We move smoothly, if slowly, through customs and arrive at our hotel without incident. In fact, we're already checked in well before one of our local contacts, Peter, gets to the airport intending to pick us up. We have no idea he plans to meet us, and there is a misunderstanding about our flight time. But after realizing that we've already taken a taxi into town, Peter comes to the hotel and joins us for some business discussions. Paul and I are both quite fatigued from the trip, so we conclude our meeting, get some dinner, and turn in for the night.
By the way, there are no pictures yet because I left my camera in Washington. I'm hoping that Catherine will be able to get it and bring it with her.
The morning papers report riots, arrests, and street and market closings in Zanzibar. Tanzanian national elections were held on Sunday, October 29, and while the process seems to have proceeded smoothly on the mainland, irregularities have been reported on Zanzibar's islands. Paul and I had hoped to spend a few days there on this trip, both for business and tourism, but during business meetings our local colleagues advise against such a trip. Already the electoral commission has announced that the voting process will be repeated next Sunday; regardless of the outcome, someone is likely to protest again, resulting in more riots, arrests, and closings. Paul and I decide that Catherine's earlier suggestion of a weekend excursion to Arusha (near Mt. Kilimanjaro) is a better idea, so we book a tour through a local travel agent.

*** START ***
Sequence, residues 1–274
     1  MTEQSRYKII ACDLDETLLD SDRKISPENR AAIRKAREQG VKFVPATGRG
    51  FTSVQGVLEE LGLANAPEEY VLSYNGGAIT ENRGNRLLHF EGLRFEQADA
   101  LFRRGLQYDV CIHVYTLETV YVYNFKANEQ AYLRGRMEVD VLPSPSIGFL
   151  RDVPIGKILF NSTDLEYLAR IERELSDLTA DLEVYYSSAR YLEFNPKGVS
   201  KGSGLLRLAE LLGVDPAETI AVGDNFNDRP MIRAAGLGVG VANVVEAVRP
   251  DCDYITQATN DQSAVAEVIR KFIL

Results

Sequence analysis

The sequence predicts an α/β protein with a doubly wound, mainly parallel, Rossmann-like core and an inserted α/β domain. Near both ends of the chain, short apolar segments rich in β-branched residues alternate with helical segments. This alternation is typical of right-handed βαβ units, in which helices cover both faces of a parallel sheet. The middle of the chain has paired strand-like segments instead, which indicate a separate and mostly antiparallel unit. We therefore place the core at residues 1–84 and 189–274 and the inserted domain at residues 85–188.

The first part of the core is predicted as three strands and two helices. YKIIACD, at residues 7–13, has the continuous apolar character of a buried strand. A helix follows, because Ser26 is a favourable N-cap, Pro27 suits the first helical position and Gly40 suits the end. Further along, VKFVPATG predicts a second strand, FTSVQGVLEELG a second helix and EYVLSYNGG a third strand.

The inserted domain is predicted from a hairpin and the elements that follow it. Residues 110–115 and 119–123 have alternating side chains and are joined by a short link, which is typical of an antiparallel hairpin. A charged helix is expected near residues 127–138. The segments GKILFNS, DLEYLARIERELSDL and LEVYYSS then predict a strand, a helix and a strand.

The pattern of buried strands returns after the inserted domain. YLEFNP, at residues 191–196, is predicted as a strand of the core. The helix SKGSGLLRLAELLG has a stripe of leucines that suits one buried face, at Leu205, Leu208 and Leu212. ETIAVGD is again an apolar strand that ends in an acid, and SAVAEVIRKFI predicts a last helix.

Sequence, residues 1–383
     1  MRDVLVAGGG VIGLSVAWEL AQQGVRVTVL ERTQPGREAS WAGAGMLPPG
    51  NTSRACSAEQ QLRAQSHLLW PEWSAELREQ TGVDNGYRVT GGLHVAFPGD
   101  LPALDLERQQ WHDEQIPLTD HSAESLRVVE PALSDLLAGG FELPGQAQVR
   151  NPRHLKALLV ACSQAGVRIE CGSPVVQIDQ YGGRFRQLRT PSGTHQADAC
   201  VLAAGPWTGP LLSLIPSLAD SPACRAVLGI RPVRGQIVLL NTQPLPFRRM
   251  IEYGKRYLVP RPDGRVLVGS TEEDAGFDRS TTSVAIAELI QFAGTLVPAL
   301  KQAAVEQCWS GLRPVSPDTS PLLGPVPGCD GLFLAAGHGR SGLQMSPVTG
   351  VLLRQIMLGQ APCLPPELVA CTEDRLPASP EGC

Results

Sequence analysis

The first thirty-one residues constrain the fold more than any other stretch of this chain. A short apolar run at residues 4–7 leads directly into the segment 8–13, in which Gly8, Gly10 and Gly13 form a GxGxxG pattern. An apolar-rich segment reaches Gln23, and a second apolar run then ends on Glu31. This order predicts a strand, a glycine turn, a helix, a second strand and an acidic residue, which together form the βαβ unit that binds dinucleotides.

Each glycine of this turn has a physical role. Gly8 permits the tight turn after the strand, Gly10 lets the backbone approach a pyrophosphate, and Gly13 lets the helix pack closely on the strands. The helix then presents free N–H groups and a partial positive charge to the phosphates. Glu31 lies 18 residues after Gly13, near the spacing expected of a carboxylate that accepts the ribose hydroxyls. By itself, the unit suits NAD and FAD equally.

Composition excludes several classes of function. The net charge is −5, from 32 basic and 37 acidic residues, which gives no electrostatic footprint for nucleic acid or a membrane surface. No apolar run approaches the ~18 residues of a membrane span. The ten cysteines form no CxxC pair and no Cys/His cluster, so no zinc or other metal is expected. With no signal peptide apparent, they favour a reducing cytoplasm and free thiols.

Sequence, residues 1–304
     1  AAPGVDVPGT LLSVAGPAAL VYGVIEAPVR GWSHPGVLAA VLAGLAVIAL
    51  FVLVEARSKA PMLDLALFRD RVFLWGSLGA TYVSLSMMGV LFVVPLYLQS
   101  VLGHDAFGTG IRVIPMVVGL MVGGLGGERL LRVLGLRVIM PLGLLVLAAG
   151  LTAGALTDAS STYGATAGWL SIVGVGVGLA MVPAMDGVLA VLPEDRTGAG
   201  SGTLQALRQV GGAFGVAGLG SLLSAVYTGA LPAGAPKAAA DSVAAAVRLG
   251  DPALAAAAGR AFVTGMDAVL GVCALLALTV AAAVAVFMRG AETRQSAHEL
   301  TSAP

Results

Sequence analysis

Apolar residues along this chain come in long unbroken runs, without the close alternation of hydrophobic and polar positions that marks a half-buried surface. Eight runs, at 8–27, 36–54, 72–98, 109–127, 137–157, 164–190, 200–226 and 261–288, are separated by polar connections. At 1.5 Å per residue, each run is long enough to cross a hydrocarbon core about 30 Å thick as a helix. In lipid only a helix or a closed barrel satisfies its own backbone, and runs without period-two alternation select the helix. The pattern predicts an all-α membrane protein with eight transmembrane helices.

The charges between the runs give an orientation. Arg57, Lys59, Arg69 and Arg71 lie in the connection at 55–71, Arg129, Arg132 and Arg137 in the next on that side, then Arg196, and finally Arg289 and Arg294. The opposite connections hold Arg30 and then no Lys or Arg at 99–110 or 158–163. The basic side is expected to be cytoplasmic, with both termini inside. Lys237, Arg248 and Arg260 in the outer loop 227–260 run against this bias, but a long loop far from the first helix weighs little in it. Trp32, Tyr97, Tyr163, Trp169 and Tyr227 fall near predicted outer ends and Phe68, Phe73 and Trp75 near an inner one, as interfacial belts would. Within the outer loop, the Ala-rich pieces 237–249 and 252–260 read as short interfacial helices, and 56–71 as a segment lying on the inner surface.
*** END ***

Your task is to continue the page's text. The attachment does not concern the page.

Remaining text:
Noise in the street makes me wonder if the rioting has spread to Dar es Salaam, but it turns out only to be the local Halloween celebration. Unlike our American after-dark hijinks, the ritual here goes on all day long, and there's not a scary costume in sight. Yet despite the procedural differences, the underlying "trick-or-treat" principle remains the same. One simply stands outside a neighbor's house banging on a pot with a great spoon, blowing a horn, or making some other racket until the occupants open the door and throw you something to persuade you to leave. Usually it's a packet of nuts (cashews are particularly popular), but after hearing the din made by some of the revellers, I wouldn't be surprised to see an airborne brick or hammer.